After 50 years, thalidomide creator apologizes to drug's victims
Thalidomide, a powerful sedative, was developed by German pharmaceutical company Grünenthal GmbH. The drug was sold in nearly 50 countries under various trademarks from 1957 to 1961 as a tranquilizer and painkiller. It was particularly popular among pregnant women as an effective remedy for morning sickness.
In 1961, Australian obstetrician William McBride and German pediatrician Widukind Lenz revealed research proving the drug caused birth defects.
As a result of the prenatal use of thalidomide, more than 10,000 babies in 46 countries (some estimates put the number as high as 20,000) were born with shortened or missing limbs and other deformities, which were fatal in most cases.
The drug was immediately taken off the shelves – the last batch in Canada in early 1962. Thousands of those who survived thalidomide-related birth defects are still alive, and coping with lifelong disablities.
For decades, Grünenthal denied any liability, claiming that it had conducted the clinical trials required at the time. The thalidomide scandal prompted an international overhaul in drug-testing systems.
On August 31 of this year, Grünenthal CEO Harald Stock announced that his company was "very sorry" for the half-century of silence for thalidomide victims.
"We ask for forgiveness that for nearly 50 years we didn't find a way of reaching out to you from human being to human being," Stock said during a ceremony in the German city of Stolberg, where a bronze statue was unveiled of a child born without limbs because of thalidomide.
"We ask that you regard our long silence as a sign of the shock that your fate caused in us,” he said.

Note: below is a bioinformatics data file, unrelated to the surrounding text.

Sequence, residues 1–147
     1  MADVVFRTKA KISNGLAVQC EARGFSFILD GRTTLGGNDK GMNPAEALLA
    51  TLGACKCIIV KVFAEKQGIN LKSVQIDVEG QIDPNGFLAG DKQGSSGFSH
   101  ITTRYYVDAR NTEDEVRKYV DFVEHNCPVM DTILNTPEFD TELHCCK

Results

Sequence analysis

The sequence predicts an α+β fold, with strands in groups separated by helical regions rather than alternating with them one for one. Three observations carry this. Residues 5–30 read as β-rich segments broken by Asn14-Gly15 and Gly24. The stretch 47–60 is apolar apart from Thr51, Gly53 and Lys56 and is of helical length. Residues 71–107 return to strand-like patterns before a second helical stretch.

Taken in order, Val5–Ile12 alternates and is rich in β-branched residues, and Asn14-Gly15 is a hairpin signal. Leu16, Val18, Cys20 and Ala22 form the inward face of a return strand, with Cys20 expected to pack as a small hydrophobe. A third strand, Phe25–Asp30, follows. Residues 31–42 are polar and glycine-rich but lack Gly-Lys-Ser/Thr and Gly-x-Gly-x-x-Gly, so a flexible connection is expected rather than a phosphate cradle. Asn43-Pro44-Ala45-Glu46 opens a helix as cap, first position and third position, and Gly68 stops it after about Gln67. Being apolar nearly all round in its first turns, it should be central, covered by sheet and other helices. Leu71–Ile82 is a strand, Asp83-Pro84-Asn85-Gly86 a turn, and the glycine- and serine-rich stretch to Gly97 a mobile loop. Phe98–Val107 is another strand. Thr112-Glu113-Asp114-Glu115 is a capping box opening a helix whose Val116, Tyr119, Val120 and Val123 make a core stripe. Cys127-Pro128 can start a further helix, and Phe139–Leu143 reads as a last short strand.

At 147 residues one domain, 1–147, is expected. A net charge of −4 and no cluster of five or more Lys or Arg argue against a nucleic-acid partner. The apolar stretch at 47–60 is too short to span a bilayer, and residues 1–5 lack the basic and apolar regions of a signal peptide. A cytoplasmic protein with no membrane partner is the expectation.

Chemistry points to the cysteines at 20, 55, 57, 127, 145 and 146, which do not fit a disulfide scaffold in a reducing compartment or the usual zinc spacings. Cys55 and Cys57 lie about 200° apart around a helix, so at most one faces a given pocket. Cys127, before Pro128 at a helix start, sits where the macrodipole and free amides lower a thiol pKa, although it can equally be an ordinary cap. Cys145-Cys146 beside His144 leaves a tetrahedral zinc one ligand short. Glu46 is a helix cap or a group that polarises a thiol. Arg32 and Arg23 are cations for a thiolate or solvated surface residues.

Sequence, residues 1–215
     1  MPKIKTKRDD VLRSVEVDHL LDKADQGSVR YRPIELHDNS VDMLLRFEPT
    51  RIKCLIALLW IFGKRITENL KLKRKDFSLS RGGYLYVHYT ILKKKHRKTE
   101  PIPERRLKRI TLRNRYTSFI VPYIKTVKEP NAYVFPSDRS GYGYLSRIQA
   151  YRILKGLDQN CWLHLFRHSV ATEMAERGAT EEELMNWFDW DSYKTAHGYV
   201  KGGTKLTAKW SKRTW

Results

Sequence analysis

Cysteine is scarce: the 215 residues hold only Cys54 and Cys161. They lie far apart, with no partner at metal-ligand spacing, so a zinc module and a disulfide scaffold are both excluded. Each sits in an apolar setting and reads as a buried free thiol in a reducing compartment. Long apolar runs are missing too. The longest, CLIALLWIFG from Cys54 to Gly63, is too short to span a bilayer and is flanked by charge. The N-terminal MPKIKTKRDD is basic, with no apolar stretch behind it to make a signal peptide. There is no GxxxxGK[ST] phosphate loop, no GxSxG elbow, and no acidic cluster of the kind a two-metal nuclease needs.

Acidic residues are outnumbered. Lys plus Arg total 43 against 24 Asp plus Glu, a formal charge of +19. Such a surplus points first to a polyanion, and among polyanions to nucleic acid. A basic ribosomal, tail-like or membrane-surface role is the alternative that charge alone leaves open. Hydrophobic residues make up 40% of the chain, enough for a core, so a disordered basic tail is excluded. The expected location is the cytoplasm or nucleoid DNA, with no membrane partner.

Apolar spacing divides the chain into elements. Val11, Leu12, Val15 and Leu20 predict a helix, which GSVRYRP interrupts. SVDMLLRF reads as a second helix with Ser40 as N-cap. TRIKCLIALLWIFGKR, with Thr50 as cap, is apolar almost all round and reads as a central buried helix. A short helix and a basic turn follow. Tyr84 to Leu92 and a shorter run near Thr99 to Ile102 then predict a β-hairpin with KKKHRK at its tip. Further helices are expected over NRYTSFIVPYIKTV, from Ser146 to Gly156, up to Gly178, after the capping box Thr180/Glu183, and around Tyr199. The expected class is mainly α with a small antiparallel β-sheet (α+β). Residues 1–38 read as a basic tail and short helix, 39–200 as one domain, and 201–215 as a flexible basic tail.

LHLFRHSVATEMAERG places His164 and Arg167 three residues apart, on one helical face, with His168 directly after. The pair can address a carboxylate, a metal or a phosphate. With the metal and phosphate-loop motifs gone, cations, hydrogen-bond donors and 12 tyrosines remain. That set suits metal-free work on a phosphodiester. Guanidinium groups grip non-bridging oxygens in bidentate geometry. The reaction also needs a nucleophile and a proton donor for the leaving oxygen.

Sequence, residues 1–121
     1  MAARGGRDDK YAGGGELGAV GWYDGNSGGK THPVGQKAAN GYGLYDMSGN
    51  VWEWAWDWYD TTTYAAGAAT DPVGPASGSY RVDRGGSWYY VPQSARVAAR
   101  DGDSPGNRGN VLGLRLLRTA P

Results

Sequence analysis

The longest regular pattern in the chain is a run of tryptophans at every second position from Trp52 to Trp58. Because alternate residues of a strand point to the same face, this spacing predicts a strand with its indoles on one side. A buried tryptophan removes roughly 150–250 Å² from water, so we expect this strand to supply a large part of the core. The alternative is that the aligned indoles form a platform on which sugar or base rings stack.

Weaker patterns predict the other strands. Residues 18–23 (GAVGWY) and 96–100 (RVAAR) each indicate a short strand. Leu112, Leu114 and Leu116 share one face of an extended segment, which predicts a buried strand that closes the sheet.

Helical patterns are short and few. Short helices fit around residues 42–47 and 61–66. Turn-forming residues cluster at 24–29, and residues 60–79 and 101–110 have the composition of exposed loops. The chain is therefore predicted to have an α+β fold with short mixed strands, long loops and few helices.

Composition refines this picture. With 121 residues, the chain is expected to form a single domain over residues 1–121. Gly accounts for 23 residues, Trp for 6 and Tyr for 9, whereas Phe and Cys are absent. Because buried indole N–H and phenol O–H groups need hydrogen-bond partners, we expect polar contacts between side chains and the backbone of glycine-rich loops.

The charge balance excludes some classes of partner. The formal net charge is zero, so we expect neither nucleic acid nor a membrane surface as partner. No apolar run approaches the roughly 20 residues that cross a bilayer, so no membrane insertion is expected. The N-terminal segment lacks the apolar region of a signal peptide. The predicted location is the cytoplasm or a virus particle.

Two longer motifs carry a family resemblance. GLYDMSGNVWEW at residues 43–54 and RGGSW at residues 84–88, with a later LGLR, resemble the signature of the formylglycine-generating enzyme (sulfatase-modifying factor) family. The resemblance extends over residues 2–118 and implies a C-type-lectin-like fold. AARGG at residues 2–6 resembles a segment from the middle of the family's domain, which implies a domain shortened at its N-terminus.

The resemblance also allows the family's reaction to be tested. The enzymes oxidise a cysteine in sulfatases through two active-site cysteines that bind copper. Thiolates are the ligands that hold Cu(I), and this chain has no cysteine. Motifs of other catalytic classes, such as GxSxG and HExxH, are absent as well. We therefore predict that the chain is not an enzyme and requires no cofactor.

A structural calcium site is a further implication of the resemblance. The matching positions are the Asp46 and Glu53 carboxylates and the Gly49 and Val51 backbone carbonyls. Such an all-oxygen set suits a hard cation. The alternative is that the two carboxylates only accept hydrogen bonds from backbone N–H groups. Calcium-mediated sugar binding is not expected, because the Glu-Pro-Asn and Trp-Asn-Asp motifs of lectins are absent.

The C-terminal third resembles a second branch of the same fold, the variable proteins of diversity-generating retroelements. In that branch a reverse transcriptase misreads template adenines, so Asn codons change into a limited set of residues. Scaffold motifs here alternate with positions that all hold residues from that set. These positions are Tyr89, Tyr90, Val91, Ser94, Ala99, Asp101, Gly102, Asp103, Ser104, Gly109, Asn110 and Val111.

Thalidomide survivors slammed the apology, saying it was an "insulting" response to the thousands currently suffering disabilities from the drug.
"We had to get up and face each day, every day, and cope with the incredible damage that Grünenthal did," told CBC News Wendy Rowe from Melbourne, Australia, a mother of Lynette Rowe who was born without arms and legs after her mother took thalidomide.
Thalidomide survivor from Canada Paul Murphy described it as a "good joke," and an "insult."
Berrisford Boothe, 51, is one of 26 known American survivors of thalidomide, and is now an associate professor of art at Lehigh University in Bethlehem, Pennsylvania. He told the New York Times that Grünenthal company has been making billions of dollars over the last 50 years while “we struggled and our parents committed suicide.”
“And now, they’re apologizing for not saying anything. How dare they do that and think it’s going to be enough?” Boothe said.
Glenn Hanson, head of a UK-based thalidomide charity that represents people affected by the drug, criticized Grünenthal for apologizing "50 years too late."
“My initial thoughts and feelings went out to the parents who fought such a fantastic campaign against this company back in the 70s, who fought with tooth and nail against them, who were up against a corporation that was adamant that they weren't going to pay any compensation,” Hanson said.
Grünenthal has settled numerous thalidomide lawsuits, and as of 2010 reportedly made 500 million euros in total payments to victims. The number of thalidomide lawsuits continues to increase.
Despite the controversy, thalidomide is still sold today as pain relief for terminal cancer sufferers, such as myeloma and a bone marrow cancer, as well as AIDS and leprosy.
Pop singer Phil Collins (R) reaches out to thank 14-y ear-old Nurmadiah Lim, a handicapped girl who was a Thalidomide baby, after being presented a painting by another handicapped child in Singapore (Reuters/Luis D'Orey)
Thalidomide pills (Reuters/Stringer)
Thalidomide victimTony Melendez is shown in an undated file photo at age four while attending a therapy program at the University of California. Melendez, who lives in Dallas, is one of a few thousand people around the world living with the birth defects caused by thalidomide. Prescribed in the late 1950s for morning sickness and as a sedative, it was banned in 1962. (Reuters/Stringer)